There are data for thinking that aviators, who have gone up from the surface of the earth, as far as [409/410] they supposed they could go, have missed entering conditions that, instead of being cold, may even be warmish, and may exist all the way to a not so very remote shell of stars. Somebody may want to know how it is that, if there be such data, they are not commonly known. But somebody else, who has read this book at all carefully will not ask that question.

An expression of mine is that all human achievements are compounded with objectives. Let someone go without food for a week, and that is a record of human endurance. Someone else makes his objective a week and a day, and achieves, in a dying condition. The extension goes on, and someone lives a month without food, and reaches the limit of human endurance. Aviators have set their minds upon surpassing the records of other aviators. It is possible that, with its objective a star, an expedition from this earth could, by merely reaching the limit of human endurance, arrive there.

Current Literature, Sept., 1924 -- that, 50 miles up, the air is ten times as dense as used to be supposed, and that it is considerably warmer than at lower levels.(4)

See Nature, Feb. 27, 1908, and following issues -- experiments with balloons that carried temperature-recording instruments.(5) According to Mr. W.H. Dines, about 30 balloons, which had been sent up, in Great Britain, in June, 1907, had moved through increasing coldness, then coming to somewhat warmer regions. This change was recorded at a height of about 40,000 feet.

Monthly Weather Review, 1923, page 316 -- that, away from this earth, the temperature falls only to a height of about 7 miles, where it is from 60 to 70 degrees below zero (Fahrenheit).(6) "But from this altitude to as high as balloons have gone, which is about [410/411] 15 miles, the temperature has remained about the same."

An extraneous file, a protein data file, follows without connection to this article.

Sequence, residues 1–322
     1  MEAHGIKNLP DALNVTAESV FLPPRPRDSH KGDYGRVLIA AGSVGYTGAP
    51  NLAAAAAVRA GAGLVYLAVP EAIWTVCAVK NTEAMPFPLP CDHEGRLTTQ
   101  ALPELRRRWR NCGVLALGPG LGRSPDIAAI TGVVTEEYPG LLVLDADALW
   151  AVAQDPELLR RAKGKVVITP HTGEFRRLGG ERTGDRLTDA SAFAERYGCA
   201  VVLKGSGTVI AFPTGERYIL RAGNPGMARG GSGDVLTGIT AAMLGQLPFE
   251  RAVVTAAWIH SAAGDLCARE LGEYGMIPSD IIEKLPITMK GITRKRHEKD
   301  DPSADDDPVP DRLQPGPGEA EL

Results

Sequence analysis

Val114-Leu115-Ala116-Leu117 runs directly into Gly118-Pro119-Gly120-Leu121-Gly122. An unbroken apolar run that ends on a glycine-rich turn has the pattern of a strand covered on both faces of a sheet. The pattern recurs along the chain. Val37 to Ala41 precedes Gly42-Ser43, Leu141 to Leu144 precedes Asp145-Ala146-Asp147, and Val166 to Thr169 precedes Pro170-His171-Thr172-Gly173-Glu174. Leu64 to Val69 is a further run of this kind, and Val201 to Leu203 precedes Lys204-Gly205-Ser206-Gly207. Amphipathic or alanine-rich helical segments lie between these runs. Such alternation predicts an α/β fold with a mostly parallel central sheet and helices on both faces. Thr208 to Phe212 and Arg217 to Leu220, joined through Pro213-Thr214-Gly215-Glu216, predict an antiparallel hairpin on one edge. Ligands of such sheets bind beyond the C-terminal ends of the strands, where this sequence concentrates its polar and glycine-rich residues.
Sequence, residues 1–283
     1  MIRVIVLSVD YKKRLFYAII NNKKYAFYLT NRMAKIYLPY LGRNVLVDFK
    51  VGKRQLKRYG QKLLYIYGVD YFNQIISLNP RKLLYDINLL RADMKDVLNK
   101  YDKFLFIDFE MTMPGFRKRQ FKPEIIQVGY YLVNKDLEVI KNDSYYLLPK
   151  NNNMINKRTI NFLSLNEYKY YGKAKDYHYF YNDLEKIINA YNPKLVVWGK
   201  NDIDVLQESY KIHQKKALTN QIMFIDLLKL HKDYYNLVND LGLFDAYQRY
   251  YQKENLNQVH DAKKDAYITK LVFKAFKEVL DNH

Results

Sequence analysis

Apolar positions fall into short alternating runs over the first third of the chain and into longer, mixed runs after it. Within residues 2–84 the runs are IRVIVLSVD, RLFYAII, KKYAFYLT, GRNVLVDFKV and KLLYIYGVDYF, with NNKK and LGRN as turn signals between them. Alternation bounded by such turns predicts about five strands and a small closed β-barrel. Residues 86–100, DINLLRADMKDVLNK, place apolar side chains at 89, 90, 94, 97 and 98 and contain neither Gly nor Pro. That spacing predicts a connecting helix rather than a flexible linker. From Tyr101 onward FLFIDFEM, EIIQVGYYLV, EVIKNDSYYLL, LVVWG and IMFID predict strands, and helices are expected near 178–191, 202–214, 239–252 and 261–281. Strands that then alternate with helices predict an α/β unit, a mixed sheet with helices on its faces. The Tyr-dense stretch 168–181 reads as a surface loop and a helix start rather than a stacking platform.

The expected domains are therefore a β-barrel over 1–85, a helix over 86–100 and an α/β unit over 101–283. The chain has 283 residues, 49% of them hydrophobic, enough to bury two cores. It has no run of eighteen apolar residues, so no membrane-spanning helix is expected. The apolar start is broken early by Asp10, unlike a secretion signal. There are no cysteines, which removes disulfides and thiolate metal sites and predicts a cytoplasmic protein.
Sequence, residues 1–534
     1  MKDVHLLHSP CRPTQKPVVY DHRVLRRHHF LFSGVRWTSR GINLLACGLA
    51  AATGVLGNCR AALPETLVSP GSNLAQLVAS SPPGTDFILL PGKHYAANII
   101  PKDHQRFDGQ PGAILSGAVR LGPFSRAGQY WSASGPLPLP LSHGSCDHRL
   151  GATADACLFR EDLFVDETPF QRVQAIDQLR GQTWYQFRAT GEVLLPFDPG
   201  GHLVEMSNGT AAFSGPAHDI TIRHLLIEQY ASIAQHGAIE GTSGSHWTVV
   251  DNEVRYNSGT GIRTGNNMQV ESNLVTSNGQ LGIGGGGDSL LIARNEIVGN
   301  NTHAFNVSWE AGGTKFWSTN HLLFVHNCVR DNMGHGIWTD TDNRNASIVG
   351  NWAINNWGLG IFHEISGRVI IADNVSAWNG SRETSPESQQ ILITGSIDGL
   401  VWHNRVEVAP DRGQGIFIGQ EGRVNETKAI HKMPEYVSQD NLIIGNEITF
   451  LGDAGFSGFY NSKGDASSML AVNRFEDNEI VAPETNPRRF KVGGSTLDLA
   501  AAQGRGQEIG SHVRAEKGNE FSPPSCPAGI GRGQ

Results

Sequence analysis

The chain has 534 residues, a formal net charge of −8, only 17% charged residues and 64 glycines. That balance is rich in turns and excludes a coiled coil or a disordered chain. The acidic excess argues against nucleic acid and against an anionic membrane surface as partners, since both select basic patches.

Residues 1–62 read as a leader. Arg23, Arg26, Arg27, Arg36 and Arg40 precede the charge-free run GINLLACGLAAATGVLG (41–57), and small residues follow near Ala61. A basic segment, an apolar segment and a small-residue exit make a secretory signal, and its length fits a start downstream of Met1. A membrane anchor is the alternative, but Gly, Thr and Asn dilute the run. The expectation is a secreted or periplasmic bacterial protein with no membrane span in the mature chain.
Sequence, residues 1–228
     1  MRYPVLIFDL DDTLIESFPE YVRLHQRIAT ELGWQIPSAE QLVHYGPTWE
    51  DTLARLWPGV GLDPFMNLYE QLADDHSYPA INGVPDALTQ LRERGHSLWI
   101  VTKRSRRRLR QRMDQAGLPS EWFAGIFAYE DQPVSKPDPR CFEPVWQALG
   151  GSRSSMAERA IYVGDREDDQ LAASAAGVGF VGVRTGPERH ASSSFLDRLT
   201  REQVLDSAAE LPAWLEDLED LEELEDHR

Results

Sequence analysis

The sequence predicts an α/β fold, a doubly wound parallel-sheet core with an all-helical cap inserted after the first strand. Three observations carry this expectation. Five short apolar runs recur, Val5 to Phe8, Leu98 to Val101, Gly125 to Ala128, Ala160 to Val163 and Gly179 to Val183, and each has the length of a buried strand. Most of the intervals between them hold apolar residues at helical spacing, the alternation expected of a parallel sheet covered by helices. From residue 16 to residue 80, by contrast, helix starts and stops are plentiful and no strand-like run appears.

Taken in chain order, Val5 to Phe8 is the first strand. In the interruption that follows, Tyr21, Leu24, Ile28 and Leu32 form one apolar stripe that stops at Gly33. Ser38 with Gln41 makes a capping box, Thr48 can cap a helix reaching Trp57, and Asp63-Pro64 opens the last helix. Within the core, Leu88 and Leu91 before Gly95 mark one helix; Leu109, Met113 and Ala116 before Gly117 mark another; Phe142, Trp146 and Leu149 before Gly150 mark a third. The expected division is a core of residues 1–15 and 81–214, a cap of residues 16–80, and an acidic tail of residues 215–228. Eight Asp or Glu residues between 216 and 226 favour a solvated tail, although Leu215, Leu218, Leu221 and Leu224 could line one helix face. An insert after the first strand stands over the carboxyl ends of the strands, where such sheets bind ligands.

It is said that, according to observations upon light-effects of meteor trains, there are reasons for thinking that, in their zone of from 30 to 50 miles above this earth's surface, conditions are mild, or not even freezing.

According to data collected by the Naval Research Laboratory there is something, somewhere in the sky, that is deflecting electro-magnetic waves of wireless communications, in a way that is similar to the way in which sound waves are sent back by the dome of the Capitol, at Washington.(7) The published explanation is that there is an "ionized zone" around this earth. Those waves are rebounding from something. More was published in the newspapers, May 21, 1927. The existence of "a ceiling in the sky" had been verified by experiments at Carnegie Institution. Sept. 5, 1930 -- a paper read by Prof. E.V. Appleton, at a meeting of the British Association for the Advancement of Science.(8) The "ionized zone is not satisfactory.(9) "The subject is as puzzling as it is fascinating, and no decisive answer to the problem can be given at present." From Norway had been reported experiments upon short-wave transmissions, which had been reflected back to this earth. They had come back, as if from a shell-like formation, around this earth, not unthinkably far away.

THE END [411]